The iconic monarch butterfly, which has long been a welcome sight in backyard gardens across Ohio, faces many threats. In Ohio, one way we can ensure future generations of monarch butterflies continue to visit flower gardens throughout our state is by protecting native milkweed plants.
Every year in the fall, monarch butterflies across the eastern U.S. and Canada begin a 3,000-mile-long journey down to wintering grounds in Mexico. In the spring, these same butterflies head back north, and delight us with their presence once again. However, this amazing journey would not be possible without milkweed, a group of plants critical to the survival of the monarch butterfly. As butterflies, monarchs can feed on the nectar of a number of different flowering plants, but as caterpillars, monarchs are entirely dependent on the availability of milkweed.
Monarch caterpillars hatch from eggs laid on milkweed plants and feed on the leaves of the plant as they grow. If these plants are mowed, removed, or sprayed with pesticides or herbicides, the caterpillars will not survive. Protecting these plants, especially during the egg-laying period from July through September, helps both monarch butterflies and caterpillars continue their life cycle and ultimately results in more monarch butterflies that can complete their journey to Mexico and back.
In the past, milkweed was viewed as a toxic weed. Today, we know that milkweed is a very important group of native plants that helps support many species of wildlife, including monarch butterflies. Learn more about ways you can help ensure these beautiful butterflies are around for generations to come by visiting the Monarch Joint Venture (http://monarchjointventure.org/) or downloading the Ohio Department of Natural Resources publication “Milkweeds & Monarchs” (http://wildlife.ohiodnr.gov/portals/wildlife/pdfs/publications/id%20guides/Milkweeds%26Monarchs.pdf).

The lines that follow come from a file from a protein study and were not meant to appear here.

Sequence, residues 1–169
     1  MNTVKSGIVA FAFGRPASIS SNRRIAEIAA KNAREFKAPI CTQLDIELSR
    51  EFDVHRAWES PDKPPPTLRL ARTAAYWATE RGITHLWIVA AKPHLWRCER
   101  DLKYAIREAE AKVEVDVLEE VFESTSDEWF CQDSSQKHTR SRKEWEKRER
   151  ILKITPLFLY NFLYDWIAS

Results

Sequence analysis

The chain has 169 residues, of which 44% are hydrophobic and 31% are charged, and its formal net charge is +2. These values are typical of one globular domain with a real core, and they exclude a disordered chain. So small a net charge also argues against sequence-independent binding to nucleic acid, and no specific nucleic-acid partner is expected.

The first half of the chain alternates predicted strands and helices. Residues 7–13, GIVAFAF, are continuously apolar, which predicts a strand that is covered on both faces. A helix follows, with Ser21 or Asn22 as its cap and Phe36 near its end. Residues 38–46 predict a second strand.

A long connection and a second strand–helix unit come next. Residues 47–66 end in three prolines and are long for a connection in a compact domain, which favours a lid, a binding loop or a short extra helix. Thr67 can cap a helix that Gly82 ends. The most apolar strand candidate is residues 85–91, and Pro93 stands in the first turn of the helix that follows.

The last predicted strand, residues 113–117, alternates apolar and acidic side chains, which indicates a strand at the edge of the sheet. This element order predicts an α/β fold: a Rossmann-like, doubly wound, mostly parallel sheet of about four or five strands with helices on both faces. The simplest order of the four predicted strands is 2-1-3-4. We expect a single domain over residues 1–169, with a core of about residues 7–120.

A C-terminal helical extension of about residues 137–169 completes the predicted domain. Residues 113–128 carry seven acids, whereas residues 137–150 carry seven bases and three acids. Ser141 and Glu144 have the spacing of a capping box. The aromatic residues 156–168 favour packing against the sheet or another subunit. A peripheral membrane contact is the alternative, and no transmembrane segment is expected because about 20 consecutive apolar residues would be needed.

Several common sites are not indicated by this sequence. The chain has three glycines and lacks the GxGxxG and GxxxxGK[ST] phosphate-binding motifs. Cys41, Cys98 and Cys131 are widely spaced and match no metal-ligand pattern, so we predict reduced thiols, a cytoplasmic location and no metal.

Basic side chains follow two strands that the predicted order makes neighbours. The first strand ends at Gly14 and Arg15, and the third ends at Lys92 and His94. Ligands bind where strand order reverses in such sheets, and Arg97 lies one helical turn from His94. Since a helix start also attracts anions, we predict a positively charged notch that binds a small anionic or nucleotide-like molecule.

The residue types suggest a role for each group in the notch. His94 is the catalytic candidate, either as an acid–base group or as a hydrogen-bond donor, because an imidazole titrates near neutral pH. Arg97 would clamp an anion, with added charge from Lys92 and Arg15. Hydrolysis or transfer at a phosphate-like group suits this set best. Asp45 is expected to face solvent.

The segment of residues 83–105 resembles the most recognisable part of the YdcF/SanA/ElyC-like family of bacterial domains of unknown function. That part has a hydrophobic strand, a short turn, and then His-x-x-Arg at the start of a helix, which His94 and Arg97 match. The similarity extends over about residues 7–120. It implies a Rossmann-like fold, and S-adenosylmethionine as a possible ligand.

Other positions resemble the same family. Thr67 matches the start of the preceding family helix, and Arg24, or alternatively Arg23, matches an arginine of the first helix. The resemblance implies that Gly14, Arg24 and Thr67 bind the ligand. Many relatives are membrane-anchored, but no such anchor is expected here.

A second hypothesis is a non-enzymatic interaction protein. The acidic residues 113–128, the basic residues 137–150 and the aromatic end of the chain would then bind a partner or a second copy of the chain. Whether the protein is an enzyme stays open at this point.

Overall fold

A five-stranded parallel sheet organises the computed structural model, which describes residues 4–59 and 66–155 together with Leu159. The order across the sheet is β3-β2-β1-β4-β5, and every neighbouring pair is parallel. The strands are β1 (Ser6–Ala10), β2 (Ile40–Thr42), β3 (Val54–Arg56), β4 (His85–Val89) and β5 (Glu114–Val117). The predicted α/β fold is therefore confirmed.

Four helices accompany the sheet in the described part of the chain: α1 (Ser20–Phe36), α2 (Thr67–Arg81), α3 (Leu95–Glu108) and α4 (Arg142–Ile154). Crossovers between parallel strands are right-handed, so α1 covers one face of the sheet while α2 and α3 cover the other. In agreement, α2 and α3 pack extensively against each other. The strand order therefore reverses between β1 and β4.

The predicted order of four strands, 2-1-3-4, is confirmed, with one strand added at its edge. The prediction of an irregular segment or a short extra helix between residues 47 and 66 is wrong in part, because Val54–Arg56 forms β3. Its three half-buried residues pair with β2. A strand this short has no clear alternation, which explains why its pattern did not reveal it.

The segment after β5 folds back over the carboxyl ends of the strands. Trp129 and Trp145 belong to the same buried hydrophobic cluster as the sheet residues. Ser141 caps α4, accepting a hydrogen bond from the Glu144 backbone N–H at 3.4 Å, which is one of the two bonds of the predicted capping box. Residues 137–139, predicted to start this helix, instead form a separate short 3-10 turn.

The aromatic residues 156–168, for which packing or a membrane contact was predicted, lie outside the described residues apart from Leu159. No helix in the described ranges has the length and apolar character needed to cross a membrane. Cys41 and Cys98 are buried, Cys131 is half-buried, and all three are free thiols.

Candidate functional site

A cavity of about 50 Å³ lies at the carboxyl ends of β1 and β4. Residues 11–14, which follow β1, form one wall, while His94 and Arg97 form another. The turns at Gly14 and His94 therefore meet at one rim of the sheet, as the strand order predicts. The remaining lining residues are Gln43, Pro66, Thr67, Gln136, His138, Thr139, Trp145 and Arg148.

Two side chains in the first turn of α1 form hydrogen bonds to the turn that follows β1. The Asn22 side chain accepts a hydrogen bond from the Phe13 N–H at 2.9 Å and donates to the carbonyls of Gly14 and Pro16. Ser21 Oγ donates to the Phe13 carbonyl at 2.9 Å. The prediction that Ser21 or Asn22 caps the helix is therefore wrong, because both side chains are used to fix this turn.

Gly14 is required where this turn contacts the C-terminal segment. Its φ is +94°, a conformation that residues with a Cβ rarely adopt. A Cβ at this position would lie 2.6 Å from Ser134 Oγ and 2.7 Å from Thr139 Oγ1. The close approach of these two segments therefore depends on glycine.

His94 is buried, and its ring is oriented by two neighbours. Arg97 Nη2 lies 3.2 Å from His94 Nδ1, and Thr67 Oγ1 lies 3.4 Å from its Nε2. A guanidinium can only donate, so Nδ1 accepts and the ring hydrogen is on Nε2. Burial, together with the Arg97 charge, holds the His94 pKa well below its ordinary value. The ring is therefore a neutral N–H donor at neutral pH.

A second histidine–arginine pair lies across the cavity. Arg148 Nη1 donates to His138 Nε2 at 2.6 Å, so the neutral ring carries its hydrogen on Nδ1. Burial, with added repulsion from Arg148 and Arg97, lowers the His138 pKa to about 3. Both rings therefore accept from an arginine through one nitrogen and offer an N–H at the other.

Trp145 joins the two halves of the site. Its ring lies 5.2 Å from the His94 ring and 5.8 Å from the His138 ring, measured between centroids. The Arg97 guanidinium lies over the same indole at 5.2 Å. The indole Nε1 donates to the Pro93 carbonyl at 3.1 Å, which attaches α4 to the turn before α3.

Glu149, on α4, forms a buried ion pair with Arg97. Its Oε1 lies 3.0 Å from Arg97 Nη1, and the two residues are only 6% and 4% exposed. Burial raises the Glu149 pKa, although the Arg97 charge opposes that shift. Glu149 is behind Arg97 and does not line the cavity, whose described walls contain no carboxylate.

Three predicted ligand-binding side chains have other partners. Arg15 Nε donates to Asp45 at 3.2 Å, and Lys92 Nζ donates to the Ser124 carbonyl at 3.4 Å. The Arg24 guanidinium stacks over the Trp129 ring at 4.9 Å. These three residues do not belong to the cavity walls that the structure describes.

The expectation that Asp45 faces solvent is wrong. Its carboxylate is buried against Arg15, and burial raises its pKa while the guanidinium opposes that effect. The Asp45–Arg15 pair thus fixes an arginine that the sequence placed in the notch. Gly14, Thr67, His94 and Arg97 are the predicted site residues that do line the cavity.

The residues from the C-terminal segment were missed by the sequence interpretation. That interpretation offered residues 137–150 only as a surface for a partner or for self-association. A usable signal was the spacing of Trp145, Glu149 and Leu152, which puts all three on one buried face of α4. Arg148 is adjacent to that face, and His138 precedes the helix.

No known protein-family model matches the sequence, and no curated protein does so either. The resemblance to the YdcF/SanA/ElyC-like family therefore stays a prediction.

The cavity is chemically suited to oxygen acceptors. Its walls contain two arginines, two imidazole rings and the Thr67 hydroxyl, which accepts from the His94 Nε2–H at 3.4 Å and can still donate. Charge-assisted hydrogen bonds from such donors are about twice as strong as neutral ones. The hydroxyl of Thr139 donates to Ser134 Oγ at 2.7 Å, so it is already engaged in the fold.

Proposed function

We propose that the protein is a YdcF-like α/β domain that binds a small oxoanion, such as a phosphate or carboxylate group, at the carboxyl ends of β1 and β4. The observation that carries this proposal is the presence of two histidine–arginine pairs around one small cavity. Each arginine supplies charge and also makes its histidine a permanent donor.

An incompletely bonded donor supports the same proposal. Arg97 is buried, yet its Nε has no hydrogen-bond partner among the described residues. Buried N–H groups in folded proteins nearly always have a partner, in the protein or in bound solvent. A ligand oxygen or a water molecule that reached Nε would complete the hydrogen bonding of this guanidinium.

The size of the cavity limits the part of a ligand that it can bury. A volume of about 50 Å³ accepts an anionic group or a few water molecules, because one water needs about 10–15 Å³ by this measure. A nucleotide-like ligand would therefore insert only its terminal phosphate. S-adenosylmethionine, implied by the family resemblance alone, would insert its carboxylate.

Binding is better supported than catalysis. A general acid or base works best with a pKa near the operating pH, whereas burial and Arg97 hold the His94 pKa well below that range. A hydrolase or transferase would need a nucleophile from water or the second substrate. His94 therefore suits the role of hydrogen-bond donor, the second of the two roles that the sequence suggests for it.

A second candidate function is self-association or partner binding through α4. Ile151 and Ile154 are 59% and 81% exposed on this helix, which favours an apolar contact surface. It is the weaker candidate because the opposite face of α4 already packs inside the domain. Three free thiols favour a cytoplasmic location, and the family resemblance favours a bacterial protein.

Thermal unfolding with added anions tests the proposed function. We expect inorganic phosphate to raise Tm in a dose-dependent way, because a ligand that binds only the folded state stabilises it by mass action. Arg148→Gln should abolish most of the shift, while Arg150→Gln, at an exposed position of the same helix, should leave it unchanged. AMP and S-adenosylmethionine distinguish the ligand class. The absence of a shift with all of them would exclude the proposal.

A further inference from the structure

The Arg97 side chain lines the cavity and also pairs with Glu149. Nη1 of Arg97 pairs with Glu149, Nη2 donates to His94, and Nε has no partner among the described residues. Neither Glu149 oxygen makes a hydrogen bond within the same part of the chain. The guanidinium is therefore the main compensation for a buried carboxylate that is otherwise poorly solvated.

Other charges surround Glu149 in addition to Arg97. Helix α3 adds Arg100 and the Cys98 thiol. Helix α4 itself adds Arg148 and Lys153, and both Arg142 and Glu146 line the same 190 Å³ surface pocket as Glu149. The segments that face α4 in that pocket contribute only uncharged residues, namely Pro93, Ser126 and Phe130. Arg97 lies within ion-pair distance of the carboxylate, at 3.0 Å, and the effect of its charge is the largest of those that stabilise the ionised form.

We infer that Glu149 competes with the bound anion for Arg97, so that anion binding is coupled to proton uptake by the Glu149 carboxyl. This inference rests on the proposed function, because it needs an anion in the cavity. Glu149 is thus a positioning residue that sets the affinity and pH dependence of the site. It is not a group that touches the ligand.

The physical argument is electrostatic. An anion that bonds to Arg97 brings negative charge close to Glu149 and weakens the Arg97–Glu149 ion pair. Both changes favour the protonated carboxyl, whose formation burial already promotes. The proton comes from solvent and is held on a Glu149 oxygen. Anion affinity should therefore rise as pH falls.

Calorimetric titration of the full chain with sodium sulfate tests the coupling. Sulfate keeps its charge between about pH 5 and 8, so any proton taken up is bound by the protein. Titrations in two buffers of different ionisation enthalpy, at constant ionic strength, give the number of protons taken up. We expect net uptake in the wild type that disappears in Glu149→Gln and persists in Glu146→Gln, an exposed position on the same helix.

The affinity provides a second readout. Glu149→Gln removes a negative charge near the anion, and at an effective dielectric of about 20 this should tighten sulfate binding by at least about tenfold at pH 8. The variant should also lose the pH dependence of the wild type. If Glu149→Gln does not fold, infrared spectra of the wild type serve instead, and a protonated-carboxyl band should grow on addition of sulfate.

Fayette Soil & Water Conservation District will participate in the Ohio Pollinator Habitat Initiative’s collection of Common Milkweed pods again this fall. The plants bloom early to mid-summer, so now is a good time to begin locating plants for potential pod harvest. Common Milkweeds are perennials, so any plants from which pods were harvested last year may be used again this year. More information on this program will be released at a later date.